Free from having to live a life dictated by other people, free to make your own way. Free from tyrannical government, free from being told how how to live.

Wide open spaces and untamed wilderness were as much a part of the Wild West as were the people who settled it. There were no dams, factories, slums, and cities, it was wide open and ready for new settlers.

Of course, we cannot mention the Wild West without acknowledging Native Americans and their place on the continent. As white settlers pushed ever westward, Native Americans were quickly being eradicated, with force.

The settlement of the frontier ended by the late 1800’s but the ambition and dream of the Wild West lives on. There are few, if any stories more readily passed down through American society than that of the Wild West.


Dreams of Wilderness


Almost every other country on Earth does not have wilderness areas. Europe, India, China, all of the largest population centers, none have what we do in America. The lands of North America are still under-populated and the open space it affords allows us to continue lifestyles focused around individualism.

As our population continues to grow, we become increasingly separated from the benefits of the wilderness. Large urban areas expand and the distance to a night sky unaffected by light pollution is ever growing. Our highways continue to widen as our wild and open spaces continue to shrink.

But the dream of wilderness lives on. Even with the rate of development and growth, conservation movement and idea of wild, open spaces, does not die.

We are one of the few, if only, countries that have collectively set aside millions of acres of land, for the sole purpose of enjoying the solitude it offers. We can hunt, fish, recreate, and still practice being free people. It is the privilege of being an American that lets us experience clean air and clean water, free from crowded cities.

There is no more unexplored territory on this planet. No more dark spots on the map, no undiscovered mountain peaks. But what we do have is a uniquely American invention. We have cleared the land of people. Prevented settlements and economic systems from taking hold.

The wilderness, as we know it, is an invention by Americans, for Americans. And it is quite possibly the most delightful and important feature of our culture.

Man and woman, old and young, from any racial and ethnic background, is able to experience the land without the pressures and constraints of the modern world. All of us can experience a simpler way of life, if only for a short amount of time.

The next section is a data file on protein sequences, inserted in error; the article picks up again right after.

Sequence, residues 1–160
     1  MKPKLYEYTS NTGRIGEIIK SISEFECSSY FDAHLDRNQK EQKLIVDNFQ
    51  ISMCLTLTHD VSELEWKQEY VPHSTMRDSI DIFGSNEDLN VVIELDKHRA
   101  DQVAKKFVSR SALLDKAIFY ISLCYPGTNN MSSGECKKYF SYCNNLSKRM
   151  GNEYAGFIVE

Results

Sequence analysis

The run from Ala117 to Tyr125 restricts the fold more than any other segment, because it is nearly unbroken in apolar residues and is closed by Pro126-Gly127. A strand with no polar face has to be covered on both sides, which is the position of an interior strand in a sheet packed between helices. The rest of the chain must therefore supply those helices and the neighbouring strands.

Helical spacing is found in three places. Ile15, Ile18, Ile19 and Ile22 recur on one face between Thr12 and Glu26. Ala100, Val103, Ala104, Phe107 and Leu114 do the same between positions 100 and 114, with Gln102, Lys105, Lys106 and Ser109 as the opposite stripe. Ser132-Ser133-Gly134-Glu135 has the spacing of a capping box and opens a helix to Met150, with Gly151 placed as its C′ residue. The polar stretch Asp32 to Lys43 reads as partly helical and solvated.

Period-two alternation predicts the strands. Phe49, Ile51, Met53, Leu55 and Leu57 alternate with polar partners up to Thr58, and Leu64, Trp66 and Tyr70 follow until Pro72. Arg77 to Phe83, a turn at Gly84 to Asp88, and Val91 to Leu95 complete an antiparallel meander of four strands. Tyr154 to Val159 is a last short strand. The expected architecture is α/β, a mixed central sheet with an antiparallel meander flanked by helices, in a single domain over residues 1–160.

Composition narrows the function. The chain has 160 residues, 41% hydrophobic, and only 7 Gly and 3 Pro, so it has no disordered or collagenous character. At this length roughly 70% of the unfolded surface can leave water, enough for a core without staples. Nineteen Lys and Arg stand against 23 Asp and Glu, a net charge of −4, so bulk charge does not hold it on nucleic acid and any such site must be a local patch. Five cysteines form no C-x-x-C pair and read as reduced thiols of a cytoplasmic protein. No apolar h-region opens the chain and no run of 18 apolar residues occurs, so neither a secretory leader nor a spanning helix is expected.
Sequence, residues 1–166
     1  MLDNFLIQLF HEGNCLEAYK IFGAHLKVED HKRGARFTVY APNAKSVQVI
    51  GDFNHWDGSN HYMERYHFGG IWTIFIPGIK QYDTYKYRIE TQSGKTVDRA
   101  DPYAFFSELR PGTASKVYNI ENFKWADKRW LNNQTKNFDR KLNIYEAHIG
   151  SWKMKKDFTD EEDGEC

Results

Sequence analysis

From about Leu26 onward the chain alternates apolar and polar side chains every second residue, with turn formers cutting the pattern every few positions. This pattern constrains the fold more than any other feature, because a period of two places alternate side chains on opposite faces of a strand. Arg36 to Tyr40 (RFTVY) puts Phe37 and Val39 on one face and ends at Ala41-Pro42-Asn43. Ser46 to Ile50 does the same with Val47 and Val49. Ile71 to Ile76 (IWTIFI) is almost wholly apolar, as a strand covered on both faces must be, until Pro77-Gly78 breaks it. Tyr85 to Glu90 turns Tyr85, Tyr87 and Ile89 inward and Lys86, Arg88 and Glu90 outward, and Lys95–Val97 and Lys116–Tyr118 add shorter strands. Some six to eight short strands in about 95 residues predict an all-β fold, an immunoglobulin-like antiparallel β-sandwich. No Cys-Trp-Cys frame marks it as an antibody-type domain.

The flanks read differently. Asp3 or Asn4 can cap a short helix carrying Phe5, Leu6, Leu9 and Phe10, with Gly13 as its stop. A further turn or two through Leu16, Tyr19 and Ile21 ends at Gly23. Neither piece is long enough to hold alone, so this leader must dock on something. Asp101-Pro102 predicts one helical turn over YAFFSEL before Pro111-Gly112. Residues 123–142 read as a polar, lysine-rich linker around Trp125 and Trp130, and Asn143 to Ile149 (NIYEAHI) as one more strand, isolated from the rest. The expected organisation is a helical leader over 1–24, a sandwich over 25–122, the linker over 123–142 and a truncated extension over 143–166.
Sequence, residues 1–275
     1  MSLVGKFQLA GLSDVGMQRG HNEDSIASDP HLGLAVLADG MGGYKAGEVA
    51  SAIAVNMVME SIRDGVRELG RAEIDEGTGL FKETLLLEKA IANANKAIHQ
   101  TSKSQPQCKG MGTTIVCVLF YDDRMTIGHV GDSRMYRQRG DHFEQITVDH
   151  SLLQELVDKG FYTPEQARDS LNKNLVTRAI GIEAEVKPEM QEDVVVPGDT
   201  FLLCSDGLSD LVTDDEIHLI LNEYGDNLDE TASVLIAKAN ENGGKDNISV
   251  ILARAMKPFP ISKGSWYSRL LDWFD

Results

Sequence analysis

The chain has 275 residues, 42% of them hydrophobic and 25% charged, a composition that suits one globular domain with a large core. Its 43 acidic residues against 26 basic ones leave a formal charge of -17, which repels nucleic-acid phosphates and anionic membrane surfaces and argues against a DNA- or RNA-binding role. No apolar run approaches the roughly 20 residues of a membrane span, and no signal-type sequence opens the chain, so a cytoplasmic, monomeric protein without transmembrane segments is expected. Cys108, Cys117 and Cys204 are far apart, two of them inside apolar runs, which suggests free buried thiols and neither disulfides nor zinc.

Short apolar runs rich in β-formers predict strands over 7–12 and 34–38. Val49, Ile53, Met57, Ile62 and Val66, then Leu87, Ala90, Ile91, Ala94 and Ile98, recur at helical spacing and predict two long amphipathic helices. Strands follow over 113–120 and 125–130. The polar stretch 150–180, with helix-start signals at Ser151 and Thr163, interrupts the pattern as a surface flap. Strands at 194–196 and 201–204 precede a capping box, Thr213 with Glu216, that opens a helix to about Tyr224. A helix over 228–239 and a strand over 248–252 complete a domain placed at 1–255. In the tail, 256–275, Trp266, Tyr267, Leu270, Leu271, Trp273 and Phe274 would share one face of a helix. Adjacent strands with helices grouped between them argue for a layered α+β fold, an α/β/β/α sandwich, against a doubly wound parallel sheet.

Almost nowhere else could a 2,000 mile trail offer such remote beauty.

The Wild West Trail is named after the emotion of the American West. The ideals of freedom, liberty, and independence that drew the original settlers west can still be found on the hike. Enjoy the increasingly rare and precious resources we have, open space, clean wair, and clean water.

The WWT encapsulates what makes the wilderness so captivating and provides a backpacking trail like of no equal.

  • The farther one gets in the wilderness, the greater is the attraction of its lonely freedom

    Theodore Roosevelt

    President of the United States of America

  • If you look throughout human history … the central epiphany of every religious tradition always occurs in the wilderness

    Robert Kennedy

    US Attorney General

  • The great purpose is to set aside a reasonable part of the vanishing wilderness, to make certain that generations of Americans yet unborn will know what it is to experience life on undeveloped, unoccupied land in the same form and character as the Creator fashioned it

    Frank Church

    Idaho Senator

  • In a civilization which requires most lives to be passed amid inordinate dissonance, pressure and intrusion, the chance of retiring now and then to the quietude and privacy of sylvan haunts becomes for some people a psychic necessity. It is only the possibility of convalescing in the wilderness which saves them from being destroyed by the terrible neural tension of modern existence

    Bob Marshall

    American Forester and Pioneer of the Wilderness Movement

  • The farther one goes, the less one knows

    Tao Te Ching